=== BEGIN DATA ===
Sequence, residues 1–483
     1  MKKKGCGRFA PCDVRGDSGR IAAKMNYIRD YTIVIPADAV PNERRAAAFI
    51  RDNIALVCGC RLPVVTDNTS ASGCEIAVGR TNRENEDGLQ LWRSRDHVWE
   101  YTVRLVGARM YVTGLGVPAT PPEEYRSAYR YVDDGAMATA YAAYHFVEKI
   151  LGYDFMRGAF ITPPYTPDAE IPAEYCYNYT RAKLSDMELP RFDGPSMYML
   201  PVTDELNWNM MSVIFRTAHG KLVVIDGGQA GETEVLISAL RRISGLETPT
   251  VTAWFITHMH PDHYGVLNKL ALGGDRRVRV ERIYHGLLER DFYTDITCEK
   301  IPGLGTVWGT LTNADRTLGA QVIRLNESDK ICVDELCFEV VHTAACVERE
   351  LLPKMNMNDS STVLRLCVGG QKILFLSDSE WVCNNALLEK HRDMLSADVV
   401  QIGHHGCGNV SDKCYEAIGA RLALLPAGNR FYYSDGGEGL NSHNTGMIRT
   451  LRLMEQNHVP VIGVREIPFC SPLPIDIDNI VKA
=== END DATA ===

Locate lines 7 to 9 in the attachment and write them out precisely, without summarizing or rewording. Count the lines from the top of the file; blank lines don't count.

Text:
   251  VTAWFITHMH PDHYGVLNKL ALGGDRRVRV ERIYHGLLER DFYTDITCEK
   301  IPGLGTVWGT LTNADRTLGA QVIRLNESDK ICVDELCFEV VHTAACVERE
   351  LLPKMNMNDS STVLRLCVGG QKILFLSDSE WVCNNALLEK HRDMLSADVV